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sRNA and cis-antisense sRNA identification in Staphylococcus aureus highlights an unusual sRNA gene cluster with one encoding a secreted peptide

Abstract : The human pathogen Staphylococcus aureus expresses a set of transcriptional factors and small RNAs (sRNAs) to adapt to environmental variations. Recent harmonization of staphylococcal sRNA data allowed us to search for novel sRNAs using DETR'PROK, a computational pipeline for identifying sRNA in prokaryotes. We performed RNA-Seq on Newman strain and identified a set of 48 sRNA candidates. To avoid bioinformatic artefacts, we applied a series of cutoffs and tested experimentally each selected intergenic region. This narrowed the field to 24 expressed sRNAs, of which 21 were new and designated with Srn identifiers. Further examination of these loci revealed that one exhibited an unusual condensed sRNA cluster of about 650 nucleotides. We determined the transcriptional start sites within this region and demonstrated the presence of three contiguous sRNA genes (srn_9342, srn_9344 and srn_9345) expressed from the positive strand, and two others (srn_9343 and srn_9346) transcribed from the opposite one. Using comparative genomics, we showed that genetic organization of the srn_9342-9346 locus is specific to Newman and that its expression is growth-phase dependent and subjected to nutrient deprivation and oxidative stress. Finally, we demonstrated that srn_9343 encodes a secreted peptide that could belong to a novel S. aureus toxin-antitoxin system. Staphylococcus aureus is an opportunistic pathogen responsible for a large spectrum of human and animal infections 1. The bacterium finely modulates gene expression to efficiently adapt its growth and physiology to the local environment. Besides global transcriptional regulators, small RNAs (sRNAs, also cited as regulatory RNAs when a regulatory function was demonstrated) have emerged as key players in a wide range of biological processes, from central metabolism to virulence and antibiotic resistance 2–4. In S. aureus, sRNAs, are typically 50-to 500-nucleotides (nt) long. Some of them regulate mRNA expression and/or stability without the need of Hfq chaperone 5, 6. sRNAs with regulatory functions were first discovered by Mizuno in E. coli 7 and then by Novick in S. aureus 8. They can modulate target mRNA expression by cis-or transacting mechanisms 2. Cis-encoded sRNAs are transcribed from the opposite strand of an mRNA or another sRNA. Accordingly, they display perfect complementarity with their target sequences, although their ability to bind other RNAs cannot be excluded. Trans-encoded sRNAs are transcribed apart from their targets, and usually display only partial complementarity with them. Over the last decade, several studies have focused on the identification of S. aureus sRNAs via bioinformat-ics, next-generation sequencing (NGS), and other experimental approaches 9–21. This has resulted in the publication of hundreds of RNA sequences, but their functions are mostly unknown. Most of these studies were done using methicillin-resistant strain N315 11, 18. In others, newly discovered sRNAs were described based on their genomic location in that particular strain 9, 12, 13, 16. S. aureus sRNA identification has been hampered by the lack of naming consensus and the absence of dedicated annotation files. Recently, we collected all of the sequences published so far, proposed a simple sRNA gene identifier (srn) to avoid redundancies, and provided Inserm U1230 Biochimie Pharmaceutique, Université de Rennes 1, Rennes, France. Correspondence and requests for materials should be addressed to Y.A.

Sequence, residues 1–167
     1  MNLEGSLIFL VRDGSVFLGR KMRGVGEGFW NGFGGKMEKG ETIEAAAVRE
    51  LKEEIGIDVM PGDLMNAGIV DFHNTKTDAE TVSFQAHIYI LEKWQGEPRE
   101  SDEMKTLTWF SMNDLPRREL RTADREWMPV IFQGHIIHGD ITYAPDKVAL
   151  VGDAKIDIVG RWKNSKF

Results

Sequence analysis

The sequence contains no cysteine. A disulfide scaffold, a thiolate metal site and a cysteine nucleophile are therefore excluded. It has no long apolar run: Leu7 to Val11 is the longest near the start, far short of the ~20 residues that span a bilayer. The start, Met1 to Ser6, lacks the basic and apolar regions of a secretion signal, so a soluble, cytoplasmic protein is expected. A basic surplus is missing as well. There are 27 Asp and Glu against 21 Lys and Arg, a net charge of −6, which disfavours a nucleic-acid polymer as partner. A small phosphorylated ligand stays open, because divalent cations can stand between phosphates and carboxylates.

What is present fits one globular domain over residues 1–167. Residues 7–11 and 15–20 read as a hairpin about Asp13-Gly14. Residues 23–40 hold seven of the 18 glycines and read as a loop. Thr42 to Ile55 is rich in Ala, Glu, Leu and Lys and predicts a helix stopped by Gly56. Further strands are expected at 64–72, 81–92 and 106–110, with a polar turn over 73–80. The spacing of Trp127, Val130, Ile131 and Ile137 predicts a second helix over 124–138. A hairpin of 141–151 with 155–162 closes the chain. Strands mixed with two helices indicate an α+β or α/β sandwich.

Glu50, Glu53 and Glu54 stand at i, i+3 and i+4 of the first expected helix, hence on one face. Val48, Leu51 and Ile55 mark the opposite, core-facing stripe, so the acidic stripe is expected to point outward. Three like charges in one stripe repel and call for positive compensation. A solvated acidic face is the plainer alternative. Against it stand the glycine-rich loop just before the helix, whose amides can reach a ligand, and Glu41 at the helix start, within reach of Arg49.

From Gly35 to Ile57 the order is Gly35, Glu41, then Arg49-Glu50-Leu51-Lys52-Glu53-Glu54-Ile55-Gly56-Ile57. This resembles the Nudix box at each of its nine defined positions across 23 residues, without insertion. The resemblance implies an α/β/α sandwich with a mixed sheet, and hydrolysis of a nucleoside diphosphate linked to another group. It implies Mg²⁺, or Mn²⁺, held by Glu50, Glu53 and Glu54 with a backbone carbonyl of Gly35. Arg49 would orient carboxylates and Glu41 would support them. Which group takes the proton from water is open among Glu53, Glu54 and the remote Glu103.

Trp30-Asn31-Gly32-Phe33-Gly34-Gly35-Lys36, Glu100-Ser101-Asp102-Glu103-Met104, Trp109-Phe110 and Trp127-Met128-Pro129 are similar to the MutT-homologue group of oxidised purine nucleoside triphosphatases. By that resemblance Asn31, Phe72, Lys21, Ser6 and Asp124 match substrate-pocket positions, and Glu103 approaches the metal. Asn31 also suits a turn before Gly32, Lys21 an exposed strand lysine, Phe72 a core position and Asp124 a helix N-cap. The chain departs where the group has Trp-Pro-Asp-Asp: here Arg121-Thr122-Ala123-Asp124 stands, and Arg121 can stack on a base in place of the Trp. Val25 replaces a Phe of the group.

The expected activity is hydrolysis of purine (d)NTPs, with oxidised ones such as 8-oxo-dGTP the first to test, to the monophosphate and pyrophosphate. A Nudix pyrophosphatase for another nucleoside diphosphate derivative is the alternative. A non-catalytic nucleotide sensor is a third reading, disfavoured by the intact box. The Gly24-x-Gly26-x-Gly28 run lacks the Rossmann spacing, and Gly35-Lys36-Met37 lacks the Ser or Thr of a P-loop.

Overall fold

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Julie Bronsard, Gaetan Pascreau, Mohamed Sassi, Tony Mauro, Yoann Augagneur, et al.. sRNA and cis-antisense sRNA identification in Staphylococcus aureus highlights an unusual sRNA gene cluster with one encoding a secreted peptide. Scientific Reports, Nature Publishing Group, 2017, Scientific Reports, 7 (1), pp.4565. ⟨10.1038/s41598-017-04786-3⟩. ⟨inserm-01558226⟩



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